His back catalogue renowned for outlandish creatures and fantastical backdrops, Guillermo Del Toro has slowly worked his ways into the hearts of many a filmgoer with his unorthodox auteur style of filmmaking. Merely dipping his toes into the blockbuster ‘waters’ with his ‘Hellboy’ double header, ‘Pacific Rim’s tagline could not be more fitting after the former’s collective lack of worldwide success and this Summer already serving its fair share of casualties. ‘Go big, or go extinct’. With the promise of an old school meets new school smackdown for the ages dominating its early footage, does Del Toro’s attempt at a big budget B movie prove a worthy gamble by Warner Bros/Legendary?
Condensing the fierce backstory between the two formidable forces at the centre of its narrative into a compelling opening salvo of exposition, proceedings are soon anchored by our ‘unpredictable’ hero Raleigh Becket (Charlie Hunnam). Years on, he still bears the mental and emotional scars after an terrible error of judgement whilst combatting with the monstrous Kaiju. Despite such a failing, it doesn’t take long for the former Jaeger pilot to be prompted back into action.
Weighed down by the threat of world leaders pouring scorn on the Jaeger project after such heavy investment and the heightened threat of the Kaiju teasing the apocalypse , Idris Elba’s tough talking ‘leader’ Stacker Pentecost hunts down Raleigh to lead the charge. Eager to find an appropriate co-pilot whose compatible life experiences prove crucial to the functionality of their futuristic creations, Raleigh is soon paired with female rookie Mako Mori (Rinko Kikuchi).
Displaying a greater sense of subtlety and a steadily beating heart missing from many of its blockbusting competition, ‘Pacific Rim’ is far from the Transformers-esque knock off it has been proclaimed to be. Comparisons with such fare are inevitable with its grandiosely destructive set-pieces, but the key difference here is that Del Toro doesn’t short-change the human element of the story with Hunnam’s straight talking Raleigh and Elba’s rousing turn the standouts. Accents may waver in their authenticity, but not our attention as the mechanics behind the film’s sophisticated weaponry aid its attempts to emotionally connect with a dread-filled flashback involving Mako Mori’s younger self, a stunning example.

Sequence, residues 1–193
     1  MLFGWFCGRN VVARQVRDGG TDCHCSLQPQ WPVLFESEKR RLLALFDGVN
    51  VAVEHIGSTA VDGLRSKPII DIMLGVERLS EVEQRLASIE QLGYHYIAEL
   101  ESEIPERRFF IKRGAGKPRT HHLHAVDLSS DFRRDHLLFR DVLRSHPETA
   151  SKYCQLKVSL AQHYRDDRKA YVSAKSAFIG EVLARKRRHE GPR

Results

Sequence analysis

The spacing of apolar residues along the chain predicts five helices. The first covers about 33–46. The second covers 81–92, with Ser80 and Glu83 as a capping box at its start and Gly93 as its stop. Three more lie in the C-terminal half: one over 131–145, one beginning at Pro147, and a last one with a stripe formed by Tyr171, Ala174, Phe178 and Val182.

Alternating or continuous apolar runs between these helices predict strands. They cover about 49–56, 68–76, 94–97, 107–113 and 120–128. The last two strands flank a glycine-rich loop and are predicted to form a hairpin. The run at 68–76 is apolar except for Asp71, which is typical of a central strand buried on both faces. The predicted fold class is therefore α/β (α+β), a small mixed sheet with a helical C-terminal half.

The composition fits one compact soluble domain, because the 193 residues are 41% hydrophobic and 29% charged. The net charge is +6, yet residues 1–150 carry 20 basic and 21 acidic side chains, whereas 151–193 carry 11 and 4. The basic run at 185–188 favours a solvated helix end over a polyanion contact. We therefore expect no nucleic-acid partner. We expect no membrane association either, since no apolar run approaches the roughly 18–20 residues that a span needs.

Not one to rein in his unique vision, Del Toro’s technically faultless nods to the ‘monster films’ of old with its impressive design and notable displays of abjection, deftly compliment the technological advancements of our saviours, whilst all encased with an occasionally overwhelming sense of eccentricity and enthusiasm of its world. The film even finding room for a duo of characters to be a clear homage to the notion of the ‘mad scientist’ and their fascination with creatures (Burn Gorman’s Gottlieb and Charlie Day’s Newton Geiszler respectively). Making the most of its generous budget, the crunching and well captured impact of its wondrous action is only accentuated by the film’s gorgeous visual aesthetic.
Its script may not brim with freshness and the characterisation at times clunky, but the director’s clear fondness for the genre shines through. ‘Pacific Rim’ is both a spectacular, fun-filled ‘battle royale with cheese’ that will potentially leave you feeling 12 years old again and an affectionate love letter to the B-movie.
Arguably THE blockbuster of the summer.